[ti:Researchers: Lung Damage in COVID Dead May Explain 'Long COVID']
[00:00.04]A study of the lungs of people who have died from COVID-19
[00:05.48]has found persistent and extensive lung damage in most cases.
[00:13.72]This finding may help doctors understand what is responsible
[00:19.04]for a syndrome known as ‘long COVID.'
[00:24.60]People with this condition can suffer ongoing health problems for months.
[00:31.44]A report on the study appeared in eBioMedicine,
[00:36.28]a medical journal published by The Lancet.
[00:41.28]Scientists leading the research said they found
[00:45.32]some unusual characteristics of SARS-CoV-2,
[00:50.20]the virus that causes COVID-19.
[00:54.84]These qualities may explain why it is able to cause such harm.
[01:01.96]One of the co-leaders of the work, Mauro Giacca,
[01:06.56]erves as a professor at King's College London.
[01:12.40]He said the findings seem to show that "COVID-19
[01:16.96]is not simply a disease caused by the death of virus-infected cells."
[01:23.96]In some patients, he said, the seriousness of the disease is likely the result
[01:30.48]of these "cells persisting for long periods inside the lungs."
[01:37.36]Giacca and other researchers studied tissues from the lungs,
[01:42.68]heart, liver, and kidneys of 41 patients who had COVID-19.
[01:49.92]They all died at Italy's University Hospital of Trieste
[01:55.68]between February and April 2020.
[02:00.52]Giacca spoke with Reuters news agency about the team's findings.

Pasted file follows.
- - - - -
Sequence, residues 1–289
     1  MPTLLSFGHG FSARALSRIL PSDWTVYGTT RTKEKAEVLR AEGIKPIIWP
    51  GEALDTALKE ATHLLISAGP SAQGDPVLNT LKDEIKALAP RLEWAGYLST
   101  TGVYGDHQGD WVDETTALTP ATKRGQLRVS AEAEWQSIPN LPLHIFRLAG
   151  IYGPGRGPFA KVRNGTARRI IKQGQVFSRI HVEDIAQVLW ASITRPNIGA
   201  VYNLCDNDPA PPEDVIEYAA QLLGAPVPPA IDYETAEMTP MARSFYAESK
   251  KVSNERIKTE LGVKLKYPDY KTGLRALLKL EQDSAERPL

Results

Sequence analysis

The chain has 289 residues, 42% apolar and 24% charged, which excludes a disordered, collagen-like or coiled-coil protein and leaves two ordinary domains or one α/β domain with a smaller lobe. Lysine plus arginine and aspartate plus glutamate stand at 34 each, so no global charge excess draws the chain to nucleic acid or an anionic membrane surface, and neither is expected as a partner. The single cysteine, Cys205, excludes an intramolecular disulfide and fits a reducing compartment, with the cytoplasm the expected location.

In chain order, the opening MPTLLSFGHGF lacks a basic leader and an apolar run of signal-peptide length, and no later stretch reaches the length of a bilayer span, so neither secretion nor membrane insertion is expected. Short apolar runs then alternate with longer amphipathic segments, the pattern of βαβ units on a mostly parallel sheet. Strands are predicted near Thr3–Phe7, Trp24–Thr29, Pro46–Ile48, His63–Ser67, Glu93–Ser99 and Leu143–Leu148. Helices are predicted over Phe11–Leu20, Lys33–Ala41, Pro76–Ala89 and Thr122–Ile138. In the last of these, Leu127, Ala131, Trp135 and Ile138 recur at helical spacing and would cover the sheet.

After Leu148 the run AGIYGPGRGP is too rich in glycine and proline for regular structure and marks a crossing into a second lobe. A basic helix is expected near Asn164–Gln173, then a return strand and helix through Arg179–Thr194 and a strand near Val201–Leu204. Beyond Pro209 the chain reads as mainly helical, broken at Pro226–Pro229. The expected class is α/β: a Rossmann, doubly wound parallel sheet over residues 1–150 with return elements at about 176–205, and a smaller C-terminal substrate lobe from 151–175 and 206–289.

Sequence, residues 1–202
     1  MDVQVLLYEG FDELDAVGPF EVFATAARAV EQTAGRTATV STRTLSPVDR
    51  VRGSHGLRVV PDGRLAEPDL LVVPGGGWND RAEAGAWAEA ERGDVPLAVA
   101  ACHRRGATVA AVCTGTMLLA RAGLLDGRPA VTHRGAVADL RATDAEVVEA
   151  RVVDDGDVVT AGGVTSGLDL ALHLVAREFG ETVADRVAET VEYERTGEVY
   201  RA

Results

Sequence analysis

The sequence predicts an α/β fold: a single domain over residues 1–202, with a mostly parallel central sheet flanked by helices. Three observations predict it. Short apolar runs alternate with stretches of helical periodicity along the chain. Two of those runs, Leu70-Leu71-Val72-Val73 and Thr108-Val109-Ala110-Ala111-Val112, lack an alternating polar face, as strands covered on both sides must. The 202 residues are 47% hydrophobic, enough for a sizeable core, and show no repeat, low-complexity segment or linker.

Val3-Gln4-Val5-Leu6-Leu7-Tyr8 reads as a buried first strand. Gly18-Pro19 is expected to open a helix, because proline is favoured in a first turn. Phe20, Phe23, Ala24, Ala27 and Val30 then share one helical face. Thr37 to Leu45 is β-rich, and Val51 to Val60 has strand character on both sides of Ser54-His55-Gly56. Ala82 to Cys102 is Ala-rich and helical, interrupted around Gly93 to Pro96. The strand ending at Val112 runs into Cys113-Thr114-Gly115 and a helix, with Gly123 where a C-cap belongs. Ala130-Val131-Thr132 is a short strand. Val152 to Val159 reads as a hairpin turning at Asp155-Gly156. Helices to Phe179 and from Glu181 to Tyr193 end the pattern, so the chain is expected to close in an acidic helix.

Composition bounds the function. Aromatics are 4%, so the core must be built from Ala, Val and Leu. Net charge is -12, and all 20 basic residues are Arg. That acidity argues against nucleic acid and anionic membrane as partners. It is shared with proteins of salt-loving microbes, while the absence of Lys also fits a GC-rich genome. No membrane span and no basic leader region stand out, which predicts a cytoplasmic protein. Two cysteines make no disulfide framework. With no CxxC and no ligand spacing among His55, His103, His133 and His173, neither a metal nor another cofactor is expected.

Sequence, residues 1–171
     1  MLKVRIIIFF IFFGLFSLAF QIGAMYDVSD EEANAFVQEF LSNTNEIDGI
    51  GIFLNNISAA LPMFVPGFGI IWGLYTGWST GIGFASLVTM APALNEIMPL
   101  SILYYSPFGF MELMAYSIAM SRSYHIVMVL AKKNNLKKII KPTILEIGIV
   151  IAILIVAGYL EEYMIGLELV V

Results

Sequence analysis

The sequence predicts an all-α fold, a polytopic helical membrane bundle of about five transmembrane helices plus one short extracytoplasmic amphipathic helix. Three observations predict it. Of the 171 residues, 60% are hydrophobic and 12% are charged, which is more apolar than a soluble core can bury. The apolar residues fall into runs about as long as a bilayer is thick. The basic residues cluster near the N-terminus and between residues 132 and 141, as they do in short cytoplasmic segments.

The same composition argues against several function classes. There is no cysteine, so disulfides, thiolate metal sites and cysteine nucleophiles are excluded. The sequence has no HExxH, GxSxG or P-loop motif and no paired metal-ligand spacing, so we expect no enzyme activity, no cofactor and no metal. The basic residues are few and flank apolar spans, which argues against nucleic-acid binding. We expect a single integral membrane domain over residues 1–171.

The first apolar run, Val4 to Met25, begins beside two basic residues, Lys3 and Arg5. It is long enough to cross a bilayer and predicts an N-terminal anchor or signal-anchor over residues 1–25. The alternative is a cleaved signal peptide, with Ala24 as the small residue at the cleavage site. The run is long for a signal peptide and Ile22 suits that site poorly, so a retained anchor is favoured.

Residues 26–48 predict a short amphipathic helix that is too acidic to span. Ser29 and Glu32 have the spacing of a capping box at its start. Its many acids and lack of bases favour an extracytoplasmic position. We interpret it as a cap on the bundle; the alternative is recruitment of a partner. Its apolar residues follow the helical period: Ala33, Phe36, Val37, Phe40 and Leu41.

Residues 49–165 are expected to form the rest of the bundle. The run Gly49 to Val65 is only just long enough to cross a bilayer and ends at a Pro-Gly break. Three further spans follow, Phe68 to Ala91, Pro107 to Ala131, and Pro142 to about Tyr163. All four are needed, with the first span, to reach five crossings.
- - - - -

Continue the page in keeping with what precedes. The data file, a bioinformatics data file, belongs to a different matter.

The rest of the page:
[02:06.60]He said that his research team found no clear signs of viral infection
[02:12.84]or long-term inflammation in other organs.
[02:18.60]But they did discover massive damage to the structure of the lungs.
[02:25.44]Healthy tissue, he noted, was "almost completely substituted by scar tissue."
[02:33.60]Giacca told Reuters that this massive damage
[02:37.32]could be one of the reasons people are suffering from long COVID.
[02:44.08]"Even if someone recovers from COVID," he added,
[02:47.64]"the damage that is done could be massive."
[02:52.80]Growing evidence suggests that a small number of COVID-19 survivors
[02:59.08]can experience some ongoing symptoms.
[03:02.92]These include extreme tiredness,
[03:06.84]unclear thinking and shortness of breath.
[03:12.56]The condition is often called "long COVID."
[03:15.92]Giacca noted that almost 90 percent of the 41 patients he studied
[03:22.96]had several characteristics unique to COVID-19.
[03:28.80]One trait was that patients had extensive blood clotting
[03:34.00]in passageways transporting blood to and from the lungs.
[03:40.00]Another was that some lung cells were very large and had many nuclei.
[03:47.84]This was a result of the combining of different cells into single large cells.
[03:56.92]The researchers also found the coronavirus
[04:00.40]was still present in many kinds of cells.
[04:04.00]Giacca said that the existence of infected cells
[04:09.36]can cause the major structural changes seen in lungs.
[04:15.64]These changes can last for several weeks or months
[04:20.00]and might, he added, explain "long COVID."
[04:25.64]I'm Anna Matteo. 更多听力请访问51VOA.COM